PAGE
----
I got quite a bit of positive feedback regarding the revamped Care Package, which is heartening. I’ve been way out off my writing routine for over a year now, and it’s been a struggle to put pen to paper (or fingers to keyboard) and venture back into a craft I love dearly. Knowing that it’s well-received by others is a tremendous help.
Something that occurred to me in the middle of the night as I lay in bed, awake and thinking instead of asleep and dreaming, is that everything I’ve shared over the past two and a half years of Care Packages is back on the table, given the new approach I’m taking. I’ve shared a ton of cultural touchstones over the years that I’d love to write more about, so I probably will.
Today’s Care Package is focused on change.
On a global scale, we’ve been immersed in massive, collective changes for nearly a year and a half. Some of us have chosen to adapt and seek a better, safer approach to living. Others have opted for denying the facts of the situation and refusing to adapt. Right or wrong, both are natural responses to change.
On a personal level, my family is in the midst of big changes. The pandemic certainly brought its brand of unexpected and often unwelcome change to us, but this is different. This is the sort of change that comes with growing up and older.
My daughter leaves for college in a couple weeks, while my step-daughter has moved out of state to begin a new chapter of life with her fiancee. My oldest son still lives out west, where he’s dealing with career changes, and my youngest son, staying with us for the summer, will return to his mom in a few weeks to start his senior year of high school. And I start a new job later this month, returning to the world of education.
Change is a topic that creators often turn to for inspiration. After all, change is constant, and its impact is as difficult to see as it is obvious.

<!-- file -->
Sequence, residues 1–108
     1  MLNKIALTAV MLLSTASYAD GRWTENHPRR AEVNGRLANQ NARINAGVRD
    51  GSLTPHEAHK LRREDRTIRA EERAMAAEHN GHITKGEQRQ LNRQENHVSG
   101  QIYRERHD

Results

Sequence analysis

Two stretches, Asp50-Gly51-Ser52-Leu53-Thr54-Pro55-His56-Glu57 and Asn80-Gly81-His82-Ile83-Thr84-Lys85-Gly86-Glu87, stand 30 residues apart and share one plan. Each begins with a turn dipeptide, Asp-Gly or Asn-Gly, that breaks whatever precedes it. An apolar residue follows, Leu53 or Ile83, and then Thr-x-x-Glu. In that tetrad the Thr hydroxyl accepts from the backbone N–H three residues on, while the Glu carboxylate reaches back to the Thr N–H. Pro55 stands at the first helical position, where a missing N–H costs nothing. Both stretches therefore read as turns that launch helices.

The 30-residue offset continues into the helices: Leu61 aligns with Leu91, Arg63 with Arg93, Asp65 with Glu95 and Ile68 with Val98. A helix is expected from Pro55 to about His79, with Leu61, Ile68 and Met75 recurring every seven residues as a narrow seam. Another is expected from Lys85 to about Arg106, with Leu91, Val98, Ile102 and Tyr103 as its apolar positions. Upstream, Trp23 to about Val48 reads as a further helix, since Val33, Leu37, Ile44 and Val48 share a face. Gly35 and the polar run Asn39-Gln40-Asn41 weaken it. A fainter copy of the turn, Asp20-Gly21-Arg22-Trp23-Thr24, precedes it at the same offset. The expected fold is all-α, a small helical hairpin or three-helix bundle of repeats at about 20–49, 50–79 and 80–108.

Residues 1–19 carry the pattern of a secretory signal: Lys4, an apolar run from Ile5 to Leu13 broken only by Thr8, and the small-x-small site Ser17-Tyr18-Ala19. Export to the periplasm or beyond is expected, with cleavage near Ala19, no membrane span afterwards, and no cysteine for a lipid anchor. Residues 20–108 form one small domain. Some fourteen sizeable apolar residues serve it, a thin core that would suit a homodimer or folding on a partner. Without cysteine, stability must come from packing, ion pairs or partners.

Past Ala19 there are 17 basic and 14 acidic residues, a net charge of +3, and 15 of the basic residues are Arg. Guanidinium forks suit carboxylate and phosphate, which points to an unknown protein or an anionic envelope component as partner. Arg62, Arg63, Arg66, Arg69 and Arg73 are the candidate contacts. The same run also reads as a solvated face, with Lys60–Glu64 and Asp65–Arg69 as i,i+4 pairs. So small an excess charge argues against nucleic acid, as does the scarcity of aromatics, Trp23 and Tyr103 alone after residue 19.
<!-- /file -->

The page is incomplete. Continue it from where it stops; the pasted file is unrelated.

Felix Gonzalez-Torres was a visual artist who focused on minimalist installations. His work lent itself to change. Invited it, even. It challenged the notion of what makes a work of art a work of art. And it was powerful.
His piece featured here – Untitled (Portrait of Ross in L.A.) – is an installation of around 175 pounds of candy. Viewers were invited to take pieces of the work as they passed, causing the work to change constantly. The viewer observes the change created by those before them, and then the viewer becomes complicit in the change by taking candy.
How often in a day’s time does each of us do the same in our own circumstances?
The Journey, a poem by Mary Oliver, examines change that, while necessary, is painful. Change in a situation where a person needs to same themselves, even though that means possibly letting others down.
You knew what you had to do,
though the wind pried
with its stiff fingers
at the very foundations,
though their melancholy
More often than not – at least in my experience – changes thrust upon us are easier to roll with than the changes we need to make for ourselves. That’s the sort of change Oliver writes of here. But what it comes down to every time is what her poem comes down to, the only thing we’re ever really in control of. Ourselves.
determined to do
the only thing you could do –
determined to save
the only life you could save.